(Reuters) - Flaxseed slowed the
growth of prostate tumors in men, while ginseng helped relieve the fatigue that
cancer patients often feel,
The studies reflect doctors' efforts to explore the risks and benefits of foods and supplements that are routinely taken by their patients with little scientific proof they help.
Americans spend between $36
billion and $47 billion a year on complementary and alternative therapies,
according to the
Flaxseed, a high-fiber and omega 3-fatty acid-rich compound, appears to halt the formation of prostate tumors, according to a study led by Duke University Medical Center researchers.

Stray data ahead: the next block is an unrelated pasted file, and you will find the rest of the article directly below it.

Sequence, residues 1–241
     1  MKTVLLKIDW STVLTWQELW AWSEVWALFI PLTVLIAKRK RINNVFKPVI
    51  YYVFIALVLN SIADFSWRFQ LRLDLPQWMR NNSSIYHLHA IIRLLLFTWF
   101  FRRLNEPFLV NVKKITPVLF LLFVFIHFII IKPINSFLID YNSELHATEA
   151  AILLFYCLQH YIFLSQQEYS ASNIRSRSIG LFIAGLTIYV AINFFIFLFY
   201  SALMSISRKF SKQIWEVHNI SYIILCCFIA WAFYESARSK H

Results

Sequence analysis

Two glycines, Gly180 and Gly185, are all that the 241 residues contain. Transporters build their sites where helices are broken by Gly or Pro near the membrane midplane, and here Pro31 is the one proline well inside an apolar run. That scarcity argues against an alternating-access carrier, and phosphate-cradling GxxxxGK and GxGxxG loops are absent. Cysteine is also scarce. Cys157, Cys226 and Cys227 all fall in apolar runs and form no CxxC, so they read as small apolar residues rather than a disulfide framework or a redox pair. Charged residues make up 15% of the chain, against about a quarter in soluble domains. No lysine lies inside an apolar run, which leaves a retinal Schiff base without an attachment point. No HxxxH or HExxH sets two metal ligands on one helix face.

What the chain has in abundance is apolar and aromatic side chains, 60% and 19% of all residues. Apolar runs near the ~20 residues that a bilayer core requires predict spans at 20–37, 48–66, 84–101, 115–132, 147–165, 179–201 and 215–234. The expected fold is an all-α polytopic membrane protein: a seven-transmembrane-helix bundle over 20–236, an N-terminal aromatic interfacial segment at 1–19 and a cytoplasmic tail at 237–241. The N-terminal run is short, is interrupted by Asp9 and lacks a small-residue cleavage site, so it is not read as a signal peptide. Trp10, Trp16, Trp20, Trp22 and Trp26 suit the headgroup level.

The seed, which is similar to a sesame seed and belongs to a group of compounds called lignans, may be able to interrupt events that lead cells to divide irregularly and become cancerous, concluded the study.
“Our previous studies in animals and in humans had shown a correlation between flaxseed supplementation and slowed tumor growth, but the participants in those studies had taken flaxseed in conjunction with a low-fat diet,” said Wendy Demark-Wahnefried, a Duke School of Nursing researcher and lead investigator on the study, in a news release. (Read entire article)